We all know the feeling. The one where you’ve got a great idea but you just don’t quite seem to be able to make happen. It could be that you’re not sure where to start, you don’t know who can help you, or that you’re struggling to persuade others that it’s worth giving it a go.
Scott Belsky interviewed hundreds of the most productive creative people and teams in the world for his bestselling book Making Ideas Happen. He wanted to find out what makes the difference between a great idea which remains just that, and an idea which is executed and becomes something great.
Belsky suggests that there are three major obstacles to making ideas happen: lack of organisation, lack of accountability and a lack of community support.
Now, community support is something we’re familiar with in so many guises. From Run Dem Crew (a 500 strong running ‘family’ who offer mentoring and advice to young people) to Casserole Club (which brings people who like cooking together with neighbours who may not be able to cook for themselves), we see community support as a crucial factor in turning creative ideas into tangible benefits – such as supporting people to keep fit or enjoy home-cooked dinners – as well as helping those involved to feel connected.
Leandro Herrero is a well-known speaker and author around organisational change. Herrero’s research has shown that people who are highly connected are often more influential within organisations than those with traditional hierarchical power.
Initiatives such as the School for Health and Care Radicals and the Time to Talk campaign are using these ideas and offering us a different way to connect. What they have in common is an innovative use of digital communication, and a belief that so-called ‘weak ties’ – the type of connections between acquaintances which can link diverse social groups – can actually be very powerful in spreading ideas or information. These are the kind of community ties which can underpin campaigns, and even become social movements.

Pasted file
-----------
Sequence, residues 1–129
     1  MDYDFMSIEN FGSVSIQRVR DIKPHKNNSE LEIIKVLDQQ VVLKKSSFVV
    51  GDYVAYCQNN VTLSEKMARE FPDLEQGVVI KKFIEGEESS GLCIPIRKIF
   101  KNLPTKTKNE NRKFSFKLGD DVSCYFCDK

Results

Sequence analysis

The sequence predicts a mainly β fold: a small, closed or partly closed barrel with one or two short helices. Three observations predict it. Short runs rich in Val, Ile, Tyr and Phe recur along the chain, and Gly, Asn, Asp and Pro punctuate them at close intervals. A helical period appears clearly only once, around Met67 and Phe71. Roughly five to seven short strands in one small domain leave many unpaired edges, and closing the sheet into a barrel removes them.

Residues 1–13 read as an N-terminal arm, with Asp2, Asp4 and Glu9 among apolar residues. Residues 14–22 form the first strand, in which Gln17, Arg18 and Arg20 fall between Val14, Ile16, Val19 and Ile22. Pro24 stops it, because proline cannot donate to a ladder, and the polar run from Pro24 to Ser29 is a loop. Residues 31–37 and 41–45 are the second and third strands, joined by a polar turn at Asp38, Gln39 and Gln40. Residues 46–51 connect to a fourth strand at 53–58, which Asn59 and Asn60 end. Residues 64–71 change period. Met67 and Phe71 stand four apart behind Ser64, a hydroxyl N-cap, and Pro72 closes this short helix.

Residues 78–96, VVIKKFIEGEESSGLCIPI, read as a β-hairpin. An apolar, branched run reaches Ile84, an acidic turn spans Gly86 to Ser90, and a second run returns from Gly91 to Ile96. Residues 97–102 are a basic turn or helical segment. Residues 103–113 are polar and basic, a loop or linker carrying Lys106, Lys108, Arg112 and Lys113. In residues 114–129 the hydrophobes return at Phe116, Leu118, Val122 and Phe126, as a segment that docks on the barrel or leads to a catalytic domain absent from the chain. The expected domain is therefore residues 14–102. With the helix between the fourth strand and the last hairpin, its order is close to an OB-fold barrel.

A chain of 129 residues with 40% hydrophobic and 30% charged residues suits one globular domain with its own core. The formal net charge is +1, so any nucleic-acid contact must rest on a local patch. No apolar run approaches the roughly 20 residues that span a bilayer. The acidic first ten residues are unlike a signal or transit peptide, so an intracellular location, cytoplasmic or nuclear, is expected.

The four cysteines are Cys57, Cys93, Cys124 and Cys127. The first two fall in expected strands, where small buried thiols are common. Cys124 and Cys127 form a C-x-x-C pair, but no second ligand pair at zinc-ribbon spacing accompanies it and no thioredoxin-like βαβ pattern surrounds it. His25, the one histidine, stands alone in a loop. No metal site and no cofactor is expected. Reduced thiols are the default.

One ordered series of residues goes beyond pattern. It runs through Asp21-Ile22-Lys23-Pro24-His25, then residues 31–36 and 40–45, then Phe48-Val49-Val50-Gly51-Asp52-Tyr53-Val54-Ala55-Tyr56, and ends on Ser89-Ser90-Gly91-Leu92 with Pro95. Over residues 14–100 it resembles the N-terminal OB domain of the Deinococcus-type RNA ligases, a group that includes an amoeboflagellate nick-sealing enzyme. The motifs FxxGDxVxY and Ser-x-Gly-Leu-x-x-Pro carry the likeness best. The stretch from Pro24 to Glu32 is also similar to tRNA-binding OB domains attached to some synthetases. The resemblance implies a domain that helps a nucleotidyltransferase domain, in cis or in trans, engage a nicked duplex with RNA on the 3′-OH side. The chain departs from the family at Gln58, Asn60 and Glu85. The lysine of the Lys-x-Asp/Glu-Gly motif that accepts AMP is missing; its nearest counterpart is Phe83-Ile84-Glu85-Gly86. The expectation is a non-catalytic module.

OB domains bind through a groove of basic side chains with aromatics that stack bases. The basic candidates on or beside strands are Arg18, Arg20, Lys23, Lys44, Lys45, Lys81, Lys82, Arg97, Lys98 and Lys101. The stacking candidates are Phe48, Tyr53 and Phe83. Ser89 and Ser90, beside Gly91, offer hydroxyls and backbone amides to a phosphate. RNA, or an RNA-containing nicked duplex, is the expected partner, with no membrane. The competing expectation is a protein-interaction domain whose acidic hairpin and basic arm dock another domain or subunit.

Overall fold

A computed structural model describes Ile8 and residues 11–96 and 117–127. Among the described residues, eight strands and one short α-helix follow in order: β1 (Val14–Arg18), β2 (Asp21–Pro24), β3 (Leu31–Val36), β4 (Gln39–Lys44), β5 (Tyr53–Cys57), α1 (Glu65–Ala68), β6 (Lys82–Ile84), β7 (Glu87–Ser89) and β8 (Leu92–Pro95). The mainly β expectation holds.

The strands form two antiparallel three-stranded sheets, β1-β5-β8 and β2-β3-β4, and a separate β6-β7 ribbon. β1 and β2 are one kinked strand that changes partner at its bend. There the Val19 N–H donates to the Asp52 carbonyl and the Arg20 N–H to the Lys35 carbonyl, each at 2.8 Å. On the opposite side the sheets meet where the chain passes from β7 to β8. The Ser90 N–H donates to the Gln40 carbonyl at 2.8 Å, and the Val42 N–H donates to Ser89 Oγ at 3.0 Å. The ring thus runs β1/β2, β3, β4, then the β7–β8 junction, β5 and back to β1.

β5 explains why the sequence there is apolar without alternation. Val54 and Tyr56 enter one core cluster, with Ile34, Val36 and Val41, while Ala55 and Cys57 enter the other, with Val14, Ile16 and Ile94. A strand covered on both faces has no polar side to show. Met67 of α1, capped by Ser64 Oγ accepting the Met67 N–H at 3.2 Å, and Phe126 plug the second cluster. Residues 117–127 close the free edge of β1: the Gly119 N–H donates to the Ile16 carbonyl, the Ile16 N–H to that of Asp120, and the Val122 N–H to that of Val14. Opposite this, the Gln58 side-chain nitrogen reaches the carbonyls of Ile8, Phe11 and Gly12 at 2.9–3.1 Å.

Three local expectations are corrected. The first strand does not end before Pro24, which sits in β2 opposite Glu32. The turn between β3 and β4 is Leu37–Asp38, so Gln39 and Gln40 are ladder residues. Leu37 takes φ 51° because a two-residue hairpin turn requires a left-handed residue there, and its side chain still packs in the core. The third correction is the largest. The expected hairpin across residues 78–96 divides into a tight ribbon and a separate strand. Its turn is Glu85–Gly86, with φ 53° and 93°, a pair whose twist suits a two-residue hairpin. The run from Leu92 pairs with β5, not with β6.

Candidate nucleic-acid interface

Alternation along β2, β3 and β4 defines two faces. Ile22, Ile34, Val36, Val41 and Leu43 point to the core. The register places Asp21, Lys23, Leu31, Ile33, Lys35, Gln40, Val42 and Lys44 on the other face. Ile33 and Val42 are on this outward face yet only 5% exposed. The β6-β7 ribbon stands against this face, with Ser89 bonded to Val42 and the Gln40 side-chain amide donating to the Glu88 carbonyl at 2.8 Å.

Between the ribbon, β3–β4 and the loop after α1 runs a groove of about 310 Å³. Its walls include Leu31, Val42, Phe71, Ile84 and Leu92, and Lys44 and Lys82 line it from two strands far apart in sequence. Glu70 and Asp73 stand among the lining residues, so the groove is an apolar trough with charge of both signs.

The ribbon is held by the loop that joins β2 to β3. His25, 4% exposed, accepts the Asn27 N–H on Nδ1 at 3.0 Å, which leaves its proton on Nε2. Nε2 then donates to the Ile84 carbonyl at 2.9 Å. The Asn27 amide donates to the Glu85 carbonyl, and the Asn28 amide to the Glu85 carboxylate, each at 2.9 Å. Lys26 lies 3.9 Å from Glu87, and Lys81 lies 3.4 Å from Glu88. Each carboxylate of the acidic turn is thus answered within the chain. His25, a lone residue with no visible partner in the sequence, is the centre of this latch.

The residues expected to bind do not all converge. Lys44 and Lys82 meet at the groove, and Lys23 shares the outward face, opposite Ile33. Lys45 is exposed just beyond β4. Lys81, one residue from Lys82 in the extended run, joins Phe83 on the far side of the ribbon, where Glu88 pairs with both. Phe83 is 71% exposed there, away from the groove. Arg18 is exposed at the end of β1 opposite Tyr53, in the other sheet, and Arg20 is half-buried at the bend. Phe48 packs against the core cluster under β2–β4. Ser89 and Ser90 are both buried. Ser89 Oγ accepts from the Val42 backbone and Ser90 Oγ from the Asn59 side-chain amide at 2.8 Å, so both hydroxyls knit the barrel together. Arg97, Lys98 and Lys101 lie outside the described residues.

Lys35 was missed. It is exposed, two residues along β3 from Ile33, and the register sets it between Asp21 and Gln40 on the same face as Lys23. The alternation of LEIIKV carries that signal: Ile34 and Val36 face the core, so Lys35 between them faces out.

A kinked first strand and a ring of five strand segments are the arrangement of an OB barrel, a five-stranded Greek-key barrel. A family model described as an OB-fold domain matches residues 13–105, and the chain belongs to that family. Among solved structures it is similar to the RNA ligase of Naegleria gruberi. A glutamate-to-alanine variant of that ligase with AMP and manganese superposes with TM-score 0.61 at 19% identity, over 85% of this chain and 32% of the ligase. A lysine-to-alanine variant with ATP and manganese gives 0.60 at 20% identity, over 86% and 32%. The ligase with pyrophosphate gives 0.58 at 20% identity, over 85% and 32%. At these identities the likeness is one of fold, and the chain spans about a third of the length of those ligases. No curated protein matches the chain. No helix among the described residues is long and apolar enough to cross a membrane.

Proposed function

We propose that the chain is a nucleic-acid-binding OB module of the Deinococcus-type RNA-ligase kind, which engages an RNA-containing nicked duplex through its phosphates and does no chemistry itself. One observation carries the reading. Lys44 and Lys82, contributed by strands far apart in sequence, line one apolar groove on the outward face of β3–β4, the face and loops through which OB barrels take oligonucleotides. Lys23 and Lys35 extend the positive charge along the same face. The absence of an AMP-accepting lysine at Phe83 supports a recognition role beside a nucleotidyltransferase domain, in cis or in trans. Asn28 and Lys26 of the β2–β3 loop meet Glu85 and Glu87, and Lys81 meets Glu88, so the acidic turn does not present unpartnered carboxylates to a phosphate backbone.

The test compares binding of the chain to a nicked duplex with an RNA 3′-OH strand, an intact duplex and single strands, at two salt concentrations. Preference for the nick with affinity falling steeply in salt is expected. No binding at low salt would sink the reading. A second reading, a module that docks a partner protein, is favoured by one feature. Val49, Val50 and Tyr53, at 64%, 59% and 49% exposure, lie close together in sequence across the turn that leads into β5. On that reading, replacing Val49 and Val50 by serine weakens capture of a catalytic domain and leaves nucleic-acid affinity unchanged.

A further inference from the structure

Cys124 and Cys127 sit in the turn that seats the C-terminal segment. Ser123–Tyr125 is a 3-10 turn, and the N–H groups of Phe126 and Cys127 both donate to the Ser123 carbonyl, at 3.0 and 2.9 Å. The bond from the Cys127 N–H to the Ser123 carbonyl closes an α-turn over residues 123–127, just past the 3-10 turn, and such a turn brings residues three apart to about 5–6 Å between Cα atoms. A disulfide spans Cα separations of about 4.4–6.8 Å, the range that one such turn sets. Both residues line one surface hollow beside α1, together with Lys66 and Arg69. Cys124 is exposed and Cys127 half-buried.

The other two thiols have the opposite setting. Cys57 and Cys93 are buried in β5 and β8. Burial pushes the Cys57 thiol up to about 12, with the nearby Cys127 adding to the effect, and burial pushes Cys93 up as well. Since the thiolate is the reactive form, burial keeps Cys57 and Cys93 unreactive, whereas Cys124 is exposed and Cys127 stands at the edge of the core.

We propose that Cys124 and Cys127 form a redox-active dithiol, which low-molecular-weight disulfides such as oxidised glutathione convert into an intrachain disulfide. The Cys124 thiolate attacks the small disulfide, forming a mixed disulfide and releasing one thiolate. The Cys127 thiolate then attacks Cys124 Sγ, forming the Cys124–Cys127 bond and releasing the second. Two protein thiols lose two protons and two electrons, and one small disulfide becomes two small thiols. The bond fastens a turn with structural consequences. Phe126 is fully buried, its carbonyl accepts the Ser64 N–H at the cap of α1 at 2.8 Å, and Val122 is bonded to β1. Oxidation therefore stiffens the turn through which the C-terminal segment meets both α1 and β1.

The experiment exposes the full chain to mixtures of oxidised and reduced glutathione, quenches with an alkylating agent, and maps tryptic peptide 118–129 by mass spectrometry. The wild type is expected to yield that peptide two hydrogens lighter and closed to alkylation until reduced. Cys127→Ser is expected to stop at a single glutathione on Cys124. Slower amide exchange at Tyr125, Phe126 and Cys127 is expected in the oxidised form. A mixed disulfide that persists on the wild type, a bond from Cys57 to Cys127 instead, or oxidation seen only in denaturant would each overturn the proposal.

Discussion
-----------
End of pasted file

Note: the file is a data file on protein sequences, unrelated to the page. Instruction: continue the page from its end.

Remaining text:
These are the kind of ties the WOW Community wants to help people who are interested in developing community wellbeing approaches to develop. The WOW Community has been developed as part of Wellbeing Our Way, a programme supported by The Health Foundation, that brings people together to develop the kinds of ‘more than medicine’ approaches we know can help people live well, in the ways that matter to them; approaches like peer support, supported self-management and care and support planning, for instance.
The WOW Community is a space to share examples of promising practice around engaging people in their health and care. There are already more than 50 examples within the community, covering peer support, social return on investment, Synergy cafés for people living with dementia, online supported self-management programmes, and so much more.
The community is searchable by theme or by population group, so you can easily find the examples which are most directly relevant to your work. We also encourage as many people as possible to share their own examples, to bring together a wealth of ideas and experience.
By sharing ideas which have made it into action, we hope that the WOW Community will connect people who are at different stages in the development of ‘more than medicine’ approaches. Most of the examples have contact details so that those just starting out with an idea can get in touch with other people who have developed a similar approach. If your idea is already fully formed, but you’re struggling to get buy in from others, we hope that gathering examples of how these approaches work will help persuade others to try your idea. Ultimately, we aim to offer a new online community which offers the kind of support for change that Belsky and Herrero know are so significant.